Gal Gadot didn’t respond to James Cameron: ‘he was looking for publicity’
Entertainment Weekly recently named Gal Gadot as one of their Entertainers of the Year. I am totally on board with her inclusion on that list. She carried the hugely successful Wonder Woman and was a big stand out in Justice League. Plus she’s a great ambassador for Wonder Woman. I like Gal, obviously. Right now, I adore her. This was Gal’s year and she knocked it out of the park.
Last Summer, you may remember that director James Cameron had some thoughts on the Wonder Woman film and how Patty Jenkin’s vision did not represent a true symbol of feminism. In fact, Cameron implied that only he represented feminine power correctly. At the time, Patty and former Wonder Woman Lynda Carter responded but Gal didn’t. In her EW interview, Gal explained how she didn’t want to give Cameron’s comments any space because that’s all he was looking for.
[From Entertainment Weekly]
EW: Another big headline during your year was that James Cameron criticized the film as an objectified icon, which Patty had some strong feelings about. But I don’t think I’ve seen you weigh in on that?
GG: Because I didn’t want to give him the stage. First of all, I’m a big fan of his work. His movies are great. He was very innovative in many things that he did, and I’ve got nothing but great things to say about the creative and professional side of his work. When it happened, the timing of when it happened, he was promoting another movie of his. It was like he was looking for publicity and I just didn’t want to give him the stage.
I understand what she’s saying. While I agree that he has made some valuable contributions professionally, I have many problems with Cameron. Yet, even with his colossal ego, it seemed like such a strange time for him to make a grab for the feminist spotlight. I know some of you agreed with his comments about WW and I respect that opinion, that wasn’t what was surprising. It was his insistence on holding himself up as the example of how to portray women. Even if you remove his silly “strong women can’t be pretty” argument, I think it needed to be factored in that Patty and Gal were presenting a superhero who is iconic to many. They had to balance the expectations of the fans’ perception of Wonder Woman with a modern interpretation. If Cameron intentionally threw WW under the bus for publicity, then I think Gal handled it exactly as she should. I also think by her remaining mum on the subject, the whole thing went away quicker. I look forward to the day when society will allow for all types of female heroes/role models, there’s room for everyone.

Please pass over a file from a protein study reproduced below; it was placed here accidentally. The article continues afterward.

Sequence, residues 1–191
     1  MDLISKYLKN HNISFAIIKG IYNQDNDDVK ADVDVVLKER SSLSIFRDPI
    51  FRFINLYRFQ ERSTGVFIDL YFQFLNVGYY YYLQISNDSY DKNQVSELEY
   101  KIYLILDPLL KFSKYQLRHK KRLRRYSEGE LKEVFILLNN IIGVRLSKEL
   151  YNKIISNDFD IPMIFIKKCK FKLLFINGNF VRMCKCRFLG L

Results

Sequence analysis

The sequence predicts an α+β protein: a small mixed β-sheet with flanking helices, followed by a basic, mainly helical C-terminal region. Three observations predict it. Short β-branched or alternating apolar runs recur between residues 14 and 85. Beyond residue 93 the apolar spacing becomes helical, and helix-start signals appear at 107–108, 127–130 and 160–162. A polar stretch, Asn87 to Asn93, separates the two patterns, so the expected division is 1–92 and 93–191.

As for the rest of the interview, it’s nice. Although Gal gives empty answers when she’d rather not discuss something, she’s always honest. She told a fun story about calling Patty the night the WW review embargo was lifted. Patty had been meditating and didn’t hear about it yet so they both squealed on the phone to each other. Gal completely side-stepped the “how’d you feel about Justice League sucking” question. (Again, for the record, I really enjoyed Justice League and saw it twice but I do recognize it is a flawed film.) She also talked about hurting her back on the plane to China to promote WW. I missed the fact that Gal got hurt right at the start of the promotion. According to this interview, Gal was in so much pain she couldn’t even sit through the LA premiere. Even worse, she said she couldn’t hold her newborn baby so while the world was celebrating her success, she couldn’t. I hope she celebrates the hell out of Wonder Woman 2’s success to make up for it.
Photo credit: WENN Photos